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GM, Conde Nast resolve issues; ad hiatus to end

[new york] Though neither company confirmed it, last week General Motors Corp.'s advertising "hiatus" with Conde Nast Publications appeared to be ending. A GM spokesman said the car maker "is continuing its longstanding relationship with Conde Nast," but declined comment on the terms of any agreement. Conde Nast executives flew to Detroit May 10 for its annual fete with auto advertisers. "It seems to be resolved," said one executive involved in the situation, "but no one wants to go public yet." A Conde Nast spokesman did not return calls by press time.

FCB fire inspected by San Francisco arson squad

[san francisco] According to San Francisco arson squad inspector Darcy Keller, a fire at True North Communication's FCB Worldwide, San Francisco, took place at 2 p.m. on May 2, the day the agency cut 45 employees. The fire occurred in a conference room's wood file cabinet filled with magazines and papers. Employees put out the flames before the fire department arrived, she said, adding, "Somebody was mad." The incident is still under investigation. (See earlier story on

DreamWorks eyeing larger media agencies

[los angeles] DreamWorks SKG, Los Angeles, is talking to large media agencies about handling broadcast spot buying. According to Taylor Nelson Sofres' CMR, the film studio spent $350 million on measured media in 2000. The incumbent shop is Omnicom Group's GSD&M in Austin, Texas, which has had the media buying and creative account for just 12 months. A GSD&M executive said that the studio has been "handholding" the agency while it becomes accustomed to the fast-changing movie-account media buying business. Another movie media executive suggested that GSD&M was not negotiating the best prices for its client. Executives at DreamWorks did not return phone calls by press time. GSD&M executives said they were not aware that DreamWorks was shopping around.

Media Edge, Fallon lay off employees

[new york and minneapolis] WPP Group's Media Edge laid off 25 employees or 5% of its staff within the last two weeks, according to executives at the media agency. Most of the cuts occurred in the New York office, said an executive, and were a result of the agency's loss of the Glaxo business, following the merger of the drug marketer with SmithKline Beecham and the subsequent consolidation of the media buying business with Grey Global Group's MediaCom. Separately, Fallon confirmed it has cut eight jobs, or 7% of its 108 staff, over recent weeks. The Publicis Groupe agency also has consolidated some broadcast production positions in Minneapolis, said Alison Burns, president of Fallon, New York.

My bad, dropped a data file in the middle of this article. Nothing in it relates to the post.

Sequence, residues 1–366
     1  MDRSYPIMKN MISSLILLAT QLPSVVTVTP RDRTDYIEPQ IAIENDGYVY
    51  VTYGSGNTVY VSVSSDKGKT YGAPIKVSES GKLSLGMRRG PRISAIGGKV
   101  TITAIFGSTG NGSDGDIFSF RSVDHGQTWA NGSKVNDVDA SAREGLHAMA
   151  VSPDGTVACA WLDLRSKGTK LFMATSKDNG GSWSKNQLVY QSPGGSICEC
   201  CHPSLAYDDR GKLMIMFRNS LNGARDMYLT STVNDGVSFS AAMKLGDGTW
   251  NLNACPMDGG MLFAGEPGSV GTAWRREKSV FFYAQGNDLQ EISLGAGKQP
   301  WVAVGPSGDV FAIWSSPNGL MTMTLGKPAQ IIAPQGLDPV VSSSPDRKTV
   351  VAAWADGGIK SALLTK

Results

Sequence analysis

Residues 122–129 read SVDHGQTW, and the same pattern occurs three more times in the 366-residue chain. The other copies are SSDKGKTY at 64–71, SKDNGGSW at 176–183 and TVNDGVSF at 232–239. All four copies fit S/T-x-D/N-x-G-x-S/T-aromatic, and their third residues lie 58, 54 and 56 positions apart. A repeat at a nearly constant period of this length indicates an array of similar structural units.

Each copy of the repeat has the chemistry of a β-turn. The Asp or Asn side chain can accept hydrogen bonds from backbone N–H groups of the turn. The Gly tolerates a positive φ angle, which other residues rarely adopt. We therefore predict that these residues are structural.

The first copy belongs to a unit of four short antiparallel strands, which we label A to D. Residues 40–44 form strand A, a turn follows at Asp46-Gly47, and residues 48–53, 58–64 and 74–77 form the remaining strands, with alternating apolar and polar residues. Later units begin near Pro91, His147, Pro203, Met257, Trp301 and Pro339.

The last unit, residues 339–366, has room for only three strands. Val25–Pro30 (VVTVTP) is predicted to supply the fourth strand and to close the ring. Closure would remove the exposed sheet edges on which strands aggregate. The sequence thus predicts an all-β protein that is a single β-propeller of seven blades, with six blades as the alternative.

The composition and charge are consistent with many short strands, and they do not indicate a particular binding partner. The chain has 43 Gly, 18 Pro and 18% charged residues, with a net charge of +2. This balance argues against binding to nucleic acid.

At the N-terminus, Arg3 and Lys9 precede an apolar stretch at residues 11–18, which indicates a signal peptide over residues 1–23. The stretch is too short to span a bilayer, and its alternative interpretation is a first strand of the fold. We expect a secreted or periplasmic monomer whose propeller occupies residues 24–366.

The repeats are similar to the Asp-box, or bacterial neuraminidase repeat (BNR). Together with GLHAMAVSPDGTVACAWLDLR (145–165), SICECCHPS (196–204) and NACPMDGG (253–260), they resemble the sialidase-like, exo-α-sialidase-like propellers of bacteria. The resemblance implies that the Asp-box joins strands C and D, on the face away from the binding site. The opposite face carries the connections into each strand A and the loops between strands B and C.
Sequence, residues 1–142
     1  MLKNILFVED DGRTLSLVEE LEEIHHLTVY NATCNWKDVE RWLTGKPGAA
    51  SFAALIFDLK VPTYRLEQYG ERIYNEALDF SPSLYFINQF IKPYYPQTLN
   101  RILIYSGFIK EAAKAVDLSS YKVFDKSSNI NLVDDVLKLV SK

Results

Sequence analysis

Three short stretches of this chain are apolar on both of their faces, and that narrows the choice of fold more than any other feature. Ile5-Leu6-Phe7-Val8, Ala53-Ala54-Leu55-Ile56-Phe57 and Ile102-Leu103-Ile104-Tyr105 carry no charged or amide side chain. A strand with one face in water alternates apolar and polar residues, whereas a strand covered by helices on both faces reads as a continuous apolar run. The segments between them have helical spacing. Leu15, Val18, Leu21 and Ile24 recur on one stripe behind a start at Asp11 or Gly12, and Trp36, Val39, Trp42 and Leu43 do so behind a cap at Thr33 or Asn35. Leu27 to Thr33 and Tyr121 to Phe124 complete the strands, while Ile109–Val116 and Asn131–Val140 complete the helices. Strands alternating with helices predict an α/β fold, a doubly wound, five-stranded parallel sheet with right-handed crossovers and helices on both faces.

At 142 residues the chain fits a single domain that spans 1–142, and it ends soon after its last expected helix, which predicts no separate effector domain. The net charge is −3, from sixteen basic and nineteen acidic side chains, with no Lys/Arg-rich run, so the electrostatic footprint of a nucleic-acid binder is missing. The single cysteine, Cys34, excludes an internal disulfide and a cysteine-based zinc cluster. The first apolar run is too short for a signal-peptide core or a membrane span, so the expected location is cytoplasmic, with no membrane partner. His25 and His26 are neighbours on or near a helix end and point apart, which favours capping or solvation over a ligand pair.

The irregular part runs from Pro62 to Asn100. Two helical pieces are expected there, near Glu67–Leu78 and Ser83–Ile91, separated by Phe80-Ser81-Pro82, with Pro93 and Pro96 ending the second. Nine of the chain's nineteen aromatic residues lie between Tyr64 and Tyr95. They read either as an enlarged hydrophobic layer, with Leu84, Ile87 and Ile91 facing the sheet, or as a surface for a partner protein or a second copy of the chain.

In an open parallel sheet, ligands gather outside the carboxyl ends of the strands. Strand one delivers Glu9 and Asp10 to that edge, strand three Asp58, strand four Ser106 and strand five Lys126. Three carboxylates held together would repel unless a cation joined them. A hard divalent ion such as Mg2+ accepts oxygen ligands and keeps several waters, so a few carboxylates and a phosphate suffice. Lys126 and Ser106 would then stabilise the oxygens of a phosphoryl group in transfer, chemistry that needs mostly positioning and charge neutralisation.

Kids upfront off to slow start

[new york] The $850 million kids upfront is finally moving-with media buyers firmly in control. Broadcast and cable networks are posting mostly single-digit cost-per-thousand decreases vs. last year's pricing, according to buyers. Advertising estimates are that total national TV kids' ad dollars could drop as much as 20%. Viacom's Nickelodeon has sold about 50% of its upfront inventory, mostly through previous multiyear deals (AA, April 23) and about 50% of its inventory in Nick Jr., the Saturday morning programming block on sibling network CBS, according to media executives. AOL Time Warner's Cartoon Network has nearly half-sold its inventory as well. (See for full story.)

Blacker defects from StarMedia

[miami] In a high-level defection from New York-based Latin American Internet media company StarMedia Network, Peter Blacker is leaving his job as VP-global partnerships to join AOL Latin America in Miami as VP-interactive marketing today. The loss of one of StarMedia's top sales executives follows the company's announcement May 10 that staff will be cut by 25% and revenue projections lowered. (See for full story.)

Media spending down for third straight month